A great event planner will work with the challenges of an event rather than fighting against the natural order of things. In indoor events, you can find this in the careful plotting of flow, use of natural lighting, utilizing high or low ceilings. Most event professionals will say their favorite types of outdoor venues tend to be large, open, flat areas. This is because it offers least number of challenges. What is my outdoor event venue? It’s basically a forest on the side of a mountain with one long twisty road as an access point. Basically the opposite of the ideal venue.
The mountain before pic
Because there is a building going up, we are taking down trees for the building, walk paths and roads. (Thankfully…because if I had to plan for 350 in the middle of trees in a state where an afternoon rain is basically guaranteed…I might have a mental breakdown.) Upon first glance, my instinct was – tear down all the trees and level everything! Thankfully I was told no.
So, thinking more sustainably, I changed my mindset. How do I use what God gave us to make the event a success?
Creating a focal point during an event is important. For wedding ceremonies – it’s the alter. At social parties, it might be a dance floor. Fundraisers usually highlight the stage and a screen to show off auction items. First, how awesome is that view? It’s muddy and bare now, however, I promise you come June the trees will be green and the skies blue. Let me point out, how gorgeous that perfect view is – the trees framing the perfect view.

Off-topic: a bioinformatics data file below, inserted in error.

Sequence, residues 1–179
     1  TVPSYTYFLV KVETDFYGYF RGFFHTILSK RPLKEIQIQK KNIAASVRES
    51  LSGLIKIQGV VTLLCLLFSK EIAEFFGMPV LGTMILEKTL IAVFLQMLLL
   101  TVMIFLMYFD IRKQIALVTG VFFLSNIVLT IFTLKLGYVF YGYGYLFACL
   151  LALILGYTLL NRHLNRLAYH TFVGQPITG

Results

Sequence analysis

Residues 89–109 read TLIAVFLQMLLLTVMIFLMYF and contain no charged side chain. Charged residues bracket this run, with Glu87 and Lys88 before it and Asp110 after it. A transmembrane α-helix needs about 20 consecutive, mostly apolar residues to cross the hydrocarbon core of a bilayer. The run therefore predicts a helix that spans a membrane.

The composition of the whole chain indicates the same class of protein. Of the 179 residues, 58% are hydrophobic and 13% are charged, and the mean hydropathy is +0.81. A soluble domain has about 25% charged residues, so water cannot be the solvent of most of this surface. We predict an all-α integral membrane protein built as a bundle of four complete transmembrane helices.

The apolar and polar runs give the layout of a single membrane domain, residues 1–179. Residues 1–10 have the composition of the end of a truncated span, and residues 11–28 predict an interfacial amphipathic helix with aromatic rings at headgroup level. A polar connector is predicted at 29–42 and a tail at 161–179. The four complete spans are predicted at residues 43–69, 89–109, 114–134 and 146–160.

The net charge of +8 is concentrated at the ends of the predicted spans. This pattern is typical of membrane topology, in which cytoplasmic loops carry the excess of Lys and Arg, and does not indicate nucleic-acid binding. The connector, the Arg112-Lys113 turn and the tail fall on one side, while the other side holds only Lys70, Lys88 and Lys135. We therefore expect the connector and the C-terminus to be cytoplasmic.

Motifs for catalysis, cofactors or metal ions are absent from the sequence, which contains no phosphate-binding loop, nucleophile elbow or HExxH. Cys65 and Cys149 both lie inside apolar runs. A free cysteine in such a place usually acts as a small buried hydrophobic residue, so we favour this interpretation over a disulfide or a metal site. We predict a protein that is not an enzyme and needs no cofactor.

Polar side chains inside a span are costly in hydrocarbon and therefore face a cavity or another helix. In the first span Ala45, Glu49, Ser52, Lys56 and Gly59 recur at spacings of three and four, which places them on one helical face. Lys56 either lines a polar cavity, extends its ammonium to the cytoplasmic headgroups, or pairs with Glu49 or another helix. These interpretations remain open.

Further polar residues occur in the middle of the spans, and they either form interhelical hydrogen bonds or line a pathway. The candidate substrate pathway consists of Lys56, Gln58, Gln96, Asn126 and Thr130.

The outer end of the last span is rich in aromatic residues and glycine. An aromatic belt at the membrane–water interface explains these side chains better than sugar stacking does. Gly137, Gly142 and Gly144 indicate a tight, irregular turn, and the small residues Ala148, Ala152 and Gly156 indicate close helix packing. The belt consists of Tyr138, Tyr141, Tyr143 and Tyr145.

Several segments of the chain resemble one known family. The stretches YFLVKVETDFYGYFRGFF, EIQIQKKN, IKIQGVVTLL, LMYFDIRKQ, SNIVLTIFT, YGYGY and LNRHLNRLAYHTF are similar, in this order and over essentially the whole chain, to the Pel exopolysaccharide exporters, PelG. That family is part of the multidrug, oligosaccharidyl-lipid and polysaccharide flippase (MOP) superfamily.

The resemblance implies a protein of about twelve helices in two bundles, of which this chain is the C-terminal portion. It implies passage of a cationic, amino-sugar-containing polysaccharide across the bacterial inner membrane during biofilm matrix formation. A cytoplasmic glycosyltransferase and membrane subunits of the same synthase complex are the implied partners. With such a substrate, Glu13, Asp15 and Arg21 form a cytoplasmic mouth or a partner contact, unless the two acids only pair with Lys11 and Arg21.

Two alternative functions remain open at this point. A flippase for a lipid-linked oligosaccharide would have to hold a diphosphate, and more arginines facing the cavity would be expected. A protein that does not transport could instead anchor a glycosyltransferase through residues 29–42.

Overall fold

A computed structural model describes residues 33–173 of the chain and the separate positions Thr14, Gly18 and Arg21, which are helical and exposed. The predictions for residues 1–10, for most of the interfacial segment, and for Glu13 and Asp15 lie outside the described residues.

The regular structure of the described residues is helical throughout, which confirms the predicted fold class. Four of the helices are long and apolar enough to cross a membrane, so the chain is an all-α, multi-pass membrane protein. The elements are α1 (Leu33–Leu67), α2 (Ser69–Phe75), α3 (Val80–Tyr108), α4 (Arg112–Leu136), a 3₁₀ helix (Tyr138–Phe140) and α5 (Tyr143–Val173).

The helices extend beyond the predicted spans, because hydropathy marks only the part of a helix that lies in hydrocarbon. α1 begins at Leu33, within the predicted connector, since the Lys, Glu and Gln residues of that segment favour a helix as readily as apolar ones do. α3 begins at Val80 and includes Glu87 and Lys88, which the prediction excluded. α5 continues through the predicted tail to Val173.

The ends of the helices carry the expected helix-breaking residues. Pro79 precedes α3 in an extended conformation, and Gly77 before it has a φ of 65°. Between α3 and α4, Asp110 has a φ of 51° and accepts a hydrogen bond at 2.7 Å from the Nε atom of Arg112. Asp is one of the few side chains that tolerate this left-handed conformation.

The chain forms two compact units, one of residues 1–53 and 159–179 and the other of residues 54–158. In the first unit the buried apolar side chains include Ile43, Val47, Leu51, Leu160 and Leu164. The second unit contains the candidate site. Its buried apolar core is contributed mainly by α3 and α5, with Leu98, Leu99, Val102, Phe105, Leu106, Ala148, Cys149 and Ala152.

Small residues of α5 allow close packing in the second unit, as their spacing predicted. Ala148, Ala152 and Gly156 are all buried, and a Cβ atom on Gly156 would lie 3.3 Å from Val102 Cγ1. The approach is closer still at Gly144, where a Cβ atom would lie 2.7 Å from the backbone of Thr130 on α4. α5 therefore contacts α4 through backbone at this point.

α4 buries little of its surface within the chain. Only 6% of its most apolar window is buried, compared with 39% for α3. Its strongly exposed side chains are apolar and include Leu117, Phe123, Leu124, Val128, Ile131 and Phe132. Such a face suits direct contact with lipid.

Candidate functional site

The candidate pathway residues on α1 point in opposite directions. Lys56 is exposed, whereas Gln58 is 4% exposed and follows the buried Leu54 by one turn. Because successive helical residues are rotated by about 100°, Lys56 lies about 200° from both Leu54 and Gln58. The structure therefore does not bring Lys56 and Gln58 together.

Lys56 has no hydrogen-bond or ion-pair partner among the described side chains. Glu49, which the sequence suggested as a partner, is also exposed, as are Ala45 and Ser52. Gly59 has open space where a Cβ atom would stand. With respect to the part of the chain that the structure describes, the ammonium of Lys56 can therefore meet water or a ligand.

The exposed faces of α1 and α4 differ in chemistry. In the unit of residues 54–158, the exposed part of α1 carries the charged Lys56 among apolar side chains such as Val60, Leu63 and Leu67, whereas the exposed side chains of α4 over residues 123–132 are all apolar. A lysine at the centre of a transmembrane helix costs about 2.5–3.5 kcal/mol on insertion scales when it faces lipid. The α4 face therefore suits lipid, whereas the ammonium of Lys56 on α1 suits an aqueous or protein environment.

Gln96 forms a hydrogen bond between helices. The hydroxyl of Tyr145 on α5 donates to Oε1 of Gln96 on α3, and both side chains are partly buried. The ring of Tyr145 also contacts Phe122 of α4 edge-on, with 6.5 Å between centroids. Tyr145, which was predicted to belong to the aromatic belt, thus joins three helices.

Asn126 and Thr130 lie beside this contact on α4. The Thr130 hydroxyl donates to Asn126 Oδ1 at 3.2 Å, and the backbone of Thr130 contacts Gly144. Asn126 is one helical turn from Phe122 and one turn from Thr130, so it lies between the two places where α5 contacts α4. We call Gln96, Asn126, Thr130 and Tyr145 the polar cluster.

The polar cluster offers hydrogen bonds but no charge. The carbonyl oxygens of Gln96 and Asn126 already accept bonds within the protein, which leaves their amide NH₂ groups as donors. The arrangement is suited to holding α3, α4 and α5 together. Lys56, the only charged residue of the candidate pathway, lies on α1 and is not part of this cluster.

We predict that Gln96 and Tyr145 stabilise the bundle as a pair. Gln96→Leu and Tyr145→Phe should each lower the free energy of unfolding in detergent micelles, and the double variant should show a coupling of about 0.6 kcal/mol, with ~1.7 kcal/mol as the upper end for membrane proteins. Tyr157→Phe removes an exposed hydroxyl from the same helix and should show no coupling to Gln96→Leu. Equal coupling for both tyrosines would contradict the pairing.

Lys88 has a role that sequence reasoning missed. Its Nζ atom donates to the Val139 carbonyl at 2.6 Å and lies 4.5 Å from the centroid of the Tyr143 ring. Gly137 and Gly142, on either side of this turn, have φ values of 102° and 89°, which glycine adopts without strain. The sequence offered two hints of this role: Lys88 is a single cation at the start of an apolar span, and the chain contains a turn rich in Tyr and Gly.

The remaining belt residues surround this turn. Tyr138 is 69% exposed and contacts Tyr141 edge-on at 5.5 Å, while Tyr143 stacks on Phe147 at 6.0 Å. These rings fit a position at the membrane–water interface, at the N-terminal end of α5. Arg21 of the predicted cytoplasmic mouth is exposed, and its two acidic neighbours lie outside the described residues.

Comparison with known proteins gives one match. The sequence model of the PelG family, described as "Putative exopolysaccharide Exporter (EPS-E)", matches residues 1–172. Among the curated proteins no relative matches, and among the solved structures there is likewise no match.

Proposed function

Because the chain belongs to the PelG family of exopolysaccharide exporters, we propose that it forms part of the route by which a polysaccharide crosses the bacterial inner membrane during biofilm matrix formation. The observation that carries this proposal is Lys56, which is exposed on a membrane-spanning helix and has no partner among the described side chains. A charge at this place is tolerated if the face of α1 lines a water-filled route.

So, with this being a the future home of an awesome groundbreaking ceremony, the stage will be the focal point. First, how awesome is that view? It’s muddy and bare now, however, I promise you come June the trees will be green and the skies blue. Let me point out, how gorgeous that perfect view is – the trees framing the perfect view.
So where in an area full of trees do I put a stage? Why not the perfect frame created by the trees? I mean how awesome is that view? It’s muddy and bare now, however, I promise you come June the trees will be green and the skies blue.
The stage will be pushed back once the brush is cleaned up. On either side, tiered staging will allow for seating for important VIPs without taking away from standing room or seating up front.
I wish there was a better way to show this portion, hopefully, I can explain. Where I am standing is about 10′ in front of where the stage will be looking towards where the audience will stand. If you notice, there is a pretty significant incline towards the back.
Some would be irritated…I, however, saw a chance for savings! Now what most planners would kill for when it comes to events with a large audience and a small stage that can’t be super high is a tiered floor. While this is far from the perfect tiered layers of a theater or auditorium, this level change is going to ensure that everyone will be able to see no matter where they are standing.
Now, we have taken down quite a few trees. In the beginning, we used the trees as lumber for benches, buildings, such around the property. Now that all of those projects are done…we have to find new uses for the lumber. So problem…need to find a way to define the area of the building, find a way to use the trees we are removing.
Solution!!! Chop the trees down into giant piles of wood chips and use those to plot the footprints of the buildings. It’s sustainable and uses the resources I have available at no cost. Score all the way around.
Ultimate lesson (which can go beyond events and apply to life in general) stop fighting every road bump and look for the silver lining and new ways to frame your outlook. You may find you are better off than if it was textbook perfect like you imagined.